A federal minister says there was no “malicious intent” when a World Health Organization official played down the asymptomatic transmission of COVID-19, even though science shows people without symptoms play a major role in the spread of the virus.
International Development Minister Karina Gould made her remark after Maria Van Kerkhove, an epidemiologist and the WHO’s technical lead on the coronavirus pandemic, said on Monday that asymptomatic spread of the coronavirus that causes COVID-19 is “very rare.” Ms. Van Kerkhove walked back her comments the next day, saying that while the science isn’t settled, some models estimated up to 40 per cent of coronavirus transmission might be due to spread by asymptomatic cases.
Speaking to The Globe and Mail, Ms. Gould didn’t fault Ms. Van Kerkhove for her comments, instead saying there is still a lot scientists don’t know about the virus. The opposition parties have questioned the Liberal government’s reliance on guidance from the WHO and its reluctance to criticize the organization’s response to the crisis.
“I don’t believe there was any malicious intent in that,” Ms. Gould said. “I think that we are all still learning a lot and trying to make decisions based on the best evidence and science that is available. And I think that as we continue to move through this pandemic we will learn more and advice will change.”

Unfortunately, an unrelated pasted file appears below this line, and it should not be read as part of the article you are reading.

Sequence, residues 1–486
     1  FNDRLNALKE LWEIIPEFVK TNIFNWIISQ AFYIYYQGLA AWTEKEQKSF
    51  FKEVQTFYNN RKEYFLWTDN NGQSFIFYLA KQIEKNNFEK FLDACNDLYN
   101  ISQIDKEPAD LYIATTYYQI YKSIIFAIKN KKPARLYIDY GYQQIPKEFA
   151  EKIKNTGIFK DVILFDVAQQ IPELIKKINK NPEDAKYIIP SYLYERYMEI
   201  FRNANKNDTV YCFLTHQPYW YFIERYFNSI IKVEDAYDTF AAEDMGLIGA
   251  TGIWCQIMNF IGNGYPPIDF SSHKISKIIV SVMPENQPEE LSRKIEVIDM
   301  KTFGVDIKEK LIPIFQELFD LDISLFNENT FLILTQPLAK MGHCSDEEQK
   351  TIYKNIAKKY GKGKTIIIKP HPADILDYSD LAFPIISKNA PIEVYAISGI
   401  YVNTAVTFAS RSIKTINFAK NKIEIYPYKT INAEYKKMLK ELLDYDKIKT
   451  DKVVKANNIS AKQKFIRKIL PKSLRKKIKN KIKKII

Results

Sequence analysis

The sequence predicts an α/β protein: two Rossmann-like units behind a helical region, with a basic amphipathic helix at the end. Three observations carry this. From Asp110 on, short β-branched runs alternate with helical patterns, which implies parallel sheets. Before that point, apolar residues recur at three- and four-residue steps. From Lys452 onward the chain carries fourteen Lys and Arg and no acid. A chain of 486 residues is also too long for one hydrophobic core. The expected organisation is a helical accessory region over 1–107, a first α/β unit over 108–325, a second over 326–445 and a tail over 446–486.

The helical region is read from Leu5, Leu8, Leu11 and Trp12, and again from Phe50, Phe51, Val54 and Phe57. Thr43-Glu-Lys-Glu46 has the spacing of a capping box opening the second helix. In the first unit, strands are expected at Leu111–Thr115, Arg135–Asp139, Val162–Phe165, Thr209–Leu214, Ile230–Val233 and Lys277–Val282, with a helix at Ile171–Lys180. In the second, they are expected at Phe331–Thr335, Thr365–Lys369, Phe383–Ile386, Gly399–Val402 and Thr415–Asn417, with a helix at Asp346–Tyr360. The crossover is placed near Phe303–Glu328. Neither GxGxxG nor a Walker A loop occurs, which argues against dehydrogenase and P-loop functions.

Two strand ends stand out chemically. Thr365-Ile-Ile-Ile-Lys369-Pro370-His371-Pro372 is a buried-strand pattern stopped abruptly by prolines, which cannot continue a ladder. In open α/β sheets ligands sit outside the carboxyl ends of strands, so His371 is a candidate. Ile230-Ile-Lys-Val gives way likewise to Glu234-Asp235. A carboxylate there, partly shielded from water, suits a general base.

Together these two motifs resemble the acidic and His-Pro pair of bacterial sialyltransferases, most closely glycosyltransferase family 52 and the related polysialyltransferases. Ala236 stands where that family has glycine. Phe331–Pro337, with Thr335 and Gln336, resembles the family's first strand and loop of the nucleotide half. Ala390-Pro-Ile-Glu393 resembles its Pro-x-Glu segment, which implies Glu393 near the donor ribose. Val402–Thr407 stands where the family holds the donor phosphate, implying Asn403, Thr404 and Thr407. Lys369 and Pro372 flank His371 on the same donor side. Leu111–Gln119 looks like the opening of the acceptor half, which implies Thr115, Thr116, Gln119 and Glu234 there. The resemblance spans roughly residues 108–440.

Mike Ryan, executive director of the WHO health emergencies program, further clarified the WHO’s position on Tuesday, saying the organization is “absolutely convinced” that asymptomatic transmission is occurring and wearing a mask can help mitigate the risk of spread.
Since the start of the pandemic, the WHO has faced questions and criticism about its advice on issues such as travel restrictions, border closures, the use of masks and asymptomatic transmission of the virus. Canada closely relies on WHO advice to inform its public-health decisions.
Health Canada’s website says asymptomatic and presymptomatic transmission of the virus is occurring but it remains unclear if it is a major driver of spread.
However, scientists say the research suggests asymptomatic people are an important source of infection to others.
Amir Attaran, a professor at the University of Ottawa’s school of epidemiology and public health and its faculty of law, took issue with Ms. Gould’s suggestion that scientists are still trying to understand the virus.
“With all due respect Ms. Gould, we know perfectly well that there’s asymptomatic transmission. Ms. Gould’s answer is indefensibly defending something as debatable when it isn’t debatable. She is just wrong," he said.
Prof. Attaran pointed to a recent article in The New England Journal of Medicine, which concluded that asymptomatic people play a "major role” in the transmission of the virus and are the “Achilles heel” of current strategies to control the spread.
Conservative health critic Matt Jeneroux said he wasn’t surprised by the WHO’s backtracking this week, given past mix-ups. He said that while he believes in the value of the WHO’s work, the Liberal government overly relies on the organization for advice.
“At the end of the day, we should be following the advice of our own researchers and top doctors here."
Don Davies, the NDP health critic, said Ottawa has been very quick to adopt WHO guidance but slow to question it when it comes to COVID-19.
“The lesson in all this is when we’re in uncharted territories, it’s better to adopt positions that have some flexibility and to seek to be open to verifying them."
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